Our tips to enjoy Paris in the Spring

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Millions of visitors visit Paris in the Summer. Little do they know that the French capital is at its best between April and June. Follow our guide to make the most of Paris in the Spring.


Paris’ Parks and Gardens at their best

For beautiful views of Paris head up to the many parks and gardens found across the city: the Tuileries Garden, the Luxembourg Garden, the Monceau Park or the Jardin des Plantes.

Springtime in Jardin Anne Frank, 3rd arrondissement of Paris © French Moments

Springtime in Jardin Anne Frank, 3rd arrondissement of Paris © French Moments

There are tons of great spots to take photos in the parks with their green lawns, ornate flower beds, views to the Eiffel Tower or to other famous monuments… It might not be Summer yet but days can be warm and sunny enough to enjoy a delicious picnic, a merry-go-round ride, sit down on one of those typical Paris benches or green chairs that you find strewn about and simply relax! Grab a book and people watch in true Parisian style!


Paris in the Spring: a friendly city!

Many published guides will tell you that Parisians themselves are also at their best in Spring. With the happy prospect of Summer holidays coming up and the end of a long cold grey Winter, the locals are thought to be in a better mood. Contrary to the reputation of being unfriendly to foreigners, Paris becomes a little more welcoming at this time of the year!

Place Saint-Georges in the 9th arrondissement, Paris © French Moments

Place Saint-Georges in the 9th arrondissement, Paris © French Moments


Explore Paris by foot

Spring is also our favourite season of the year for Paris Walking Tours. Walking through the long wide boulevards or the narrow medieval streets when the climate is milder is such a nice treat. You will discover some unexpected views of celebrated Parisian monuments, charming squares, appealing stores and smell baguettes and croissants fresh out of the baker’s oven.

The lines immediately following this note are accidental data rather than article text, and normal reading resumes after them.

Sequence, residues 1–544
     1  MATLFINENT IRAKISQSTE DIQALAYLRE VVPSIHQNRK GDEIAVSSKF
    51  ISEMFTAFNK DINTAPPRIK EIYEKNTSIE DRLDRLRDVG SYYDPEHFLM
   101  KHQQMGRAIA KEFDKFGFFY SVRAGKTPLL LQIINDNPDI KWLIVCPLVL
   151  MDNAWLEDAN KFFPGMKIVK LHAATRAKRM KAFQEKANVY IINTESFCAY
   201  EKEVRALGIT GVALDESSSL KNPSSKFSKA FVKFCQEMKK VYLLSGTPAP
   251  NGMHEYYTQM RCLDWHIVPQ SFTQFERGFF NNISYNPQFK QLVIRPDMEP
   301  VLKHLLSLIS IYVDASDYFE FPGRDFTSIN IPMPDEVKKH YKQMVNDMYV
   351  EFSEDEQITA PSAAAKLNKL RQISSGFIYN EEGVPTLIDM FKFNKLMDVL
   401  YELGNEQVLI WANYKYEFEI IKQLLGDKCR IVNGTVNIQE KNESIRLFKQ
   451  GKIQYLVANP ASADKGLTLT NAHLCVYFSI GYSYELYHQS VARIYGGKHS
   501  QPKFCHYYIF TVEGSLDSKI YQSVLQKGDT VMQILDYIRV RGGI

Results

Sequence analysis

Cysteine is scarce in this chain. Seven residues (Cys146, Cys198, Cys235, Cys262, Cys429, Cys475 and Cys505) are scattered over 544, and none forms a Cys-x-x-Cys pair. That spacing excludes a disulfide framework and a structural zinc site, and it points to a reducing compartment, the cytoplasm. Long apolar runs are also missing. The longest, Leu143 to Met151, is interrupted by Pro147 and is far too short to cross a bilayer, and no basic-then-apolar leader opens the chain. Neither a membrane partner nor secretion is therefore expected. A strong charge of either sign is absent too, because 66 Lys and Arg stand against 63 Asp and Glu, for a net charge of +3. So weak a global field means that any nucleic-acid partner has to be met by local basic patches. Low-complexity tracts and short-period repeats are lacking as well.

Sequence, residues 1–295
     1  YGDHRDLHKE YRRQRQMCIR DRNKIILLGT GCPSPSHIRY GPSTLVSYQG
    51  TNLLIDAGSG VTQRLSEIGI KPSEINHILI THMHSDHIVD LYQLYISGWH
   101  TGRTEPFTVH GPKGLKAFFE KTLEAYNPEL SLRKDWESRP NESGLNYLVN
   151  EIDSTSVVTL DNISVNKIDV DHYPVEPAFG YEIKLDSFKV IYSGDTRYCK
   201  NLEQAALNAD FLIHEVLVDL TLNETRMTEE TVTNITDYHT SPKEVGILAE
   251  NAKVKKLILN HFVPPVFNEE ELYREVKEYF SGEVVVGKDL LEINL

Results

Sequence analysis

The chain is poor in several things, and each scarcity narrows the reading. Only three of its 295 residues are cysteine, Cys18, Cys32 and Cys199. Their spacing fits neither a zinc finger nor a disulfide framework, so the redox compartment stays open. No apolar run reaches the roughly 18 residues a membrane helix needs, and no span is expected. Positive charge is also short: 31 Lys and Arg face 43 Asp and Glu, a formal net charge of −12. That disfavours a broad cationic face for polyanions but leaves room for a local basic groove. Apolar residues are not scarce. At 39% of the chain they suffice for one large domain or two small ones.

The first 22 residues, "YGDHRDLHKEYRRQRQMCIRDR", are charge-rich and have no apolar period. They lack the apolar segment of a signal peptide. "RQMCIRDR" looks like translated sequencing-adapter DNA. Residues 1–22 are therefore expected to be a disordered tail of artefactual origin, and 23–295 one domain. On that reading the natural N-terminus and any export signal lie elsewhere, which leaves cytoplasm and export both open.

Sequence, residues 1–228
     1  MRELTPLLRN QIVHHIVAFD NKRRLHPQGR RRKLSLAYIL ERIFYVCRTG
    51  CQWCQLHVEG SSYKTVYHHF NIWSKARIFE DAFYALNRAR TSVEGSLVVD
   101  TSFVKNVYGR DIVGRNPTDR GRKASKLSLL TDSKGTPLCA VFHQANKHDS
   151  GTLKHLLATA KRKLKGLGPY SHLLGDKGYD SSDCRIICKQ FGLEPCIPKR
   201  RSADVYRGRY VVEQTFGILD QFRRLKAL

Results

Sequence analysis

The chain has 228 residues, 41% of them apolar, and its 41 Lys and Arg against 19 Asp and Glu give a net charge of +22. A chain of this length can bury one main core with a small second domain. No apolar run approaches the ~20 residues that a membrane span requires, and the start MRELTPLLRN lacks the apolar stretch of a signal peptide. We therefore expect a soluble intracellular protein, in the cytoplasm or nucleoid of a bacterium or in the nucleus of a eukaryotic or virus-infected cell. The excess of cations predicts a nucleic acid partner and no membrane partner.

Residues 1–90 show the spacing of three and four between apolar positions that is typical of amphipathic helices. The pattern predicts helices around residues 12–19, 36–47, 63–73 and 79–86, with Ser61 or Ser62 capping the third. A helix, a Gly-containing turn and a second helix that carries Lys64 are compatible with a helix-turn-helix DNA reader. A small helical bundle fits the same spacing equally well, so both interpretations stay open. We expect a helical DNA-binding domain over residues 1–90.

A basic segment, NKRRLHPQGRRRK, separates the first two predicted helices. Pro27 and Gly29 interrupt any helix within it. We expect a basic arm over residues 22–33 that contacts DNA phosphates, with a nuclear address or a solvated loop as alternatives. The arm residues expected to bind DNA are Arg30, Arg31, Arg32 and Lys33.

Place Emile Goudeau in the 18th arrondissement, Paris © French Moments

Place Emile Goudeau in the 18th arrondissement, Paris © French Moments


Enjoy a boat cruise on the River Seine

You can also enjoy a boat cruise on the River Seine to pass under the beautiful bridges of Paris and contemplate some of Paris’ most famous monuments: the Louvre, Notre-Dame cathedral, the City-Hall, the Conciergerie and of course the Eiffel Tower.

The banks of the River Seine in Paris: Pont-Neuf and the Louvre in the distance © French Moments

The banks of the River Seine in Paris: Pont-Neuf and the Louvre in the distance © French Moments


Check the weather forecast

Make sure you check the weather forecast each morning. Sometimes heavy rain will surprise you and force you to change your plans. Instead of a planned walk in the Marais you will end up inside one of the many museums and art galleries of Paris. Of course the Louvre, the Orsay Museum and the Pompidou Centre are always taken over by tourists on rainy days… but there are other less-known museums that are equally worth visiting: the Carnavalet and the Cognacq-Jay Museums in the Marais, the Fine Arts Museum of Paris (Petit-Palais), or the Victor Hugo house in Place des Vosges. Rainy days also give a good opportunity to enter inside some of Paris’ finest churches: Notre-Dame Cathedral, Sacré-Cœur Basilica, Saint-Eustache Church, Saint-Sulpice Church, Saint-Germain-des-Prés Abbey Church and many more. We often use Meteo-Paris for an update on the weather forecast (although the site is in French).

Spring at the Eiffel Tower © French Moments

Spring at the Eiffel Tower © French Moments

Staying in Paris is the Spring is usually cheaper than in the Summer. As for Autumn, this time of the year is known as ‘Moyenne Saison’ (medium season) contrary to the ‘Haute Saison’ (high season) in Summer and ‘Basse saison’ (low season) in Winter.


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About Author

Pierre is a French/Australian who is passionate about France and its culture. He grew up in France and Germany and has also lived in Australia and England. In 2014 he moved back to Europe from Sydney with his wife and daughter to be closer to their families and to France. He has a background teaching French and holds a Master of Translating and Interpreting English-French with the degree of Master of International Relations and a degree of Economics and Management.

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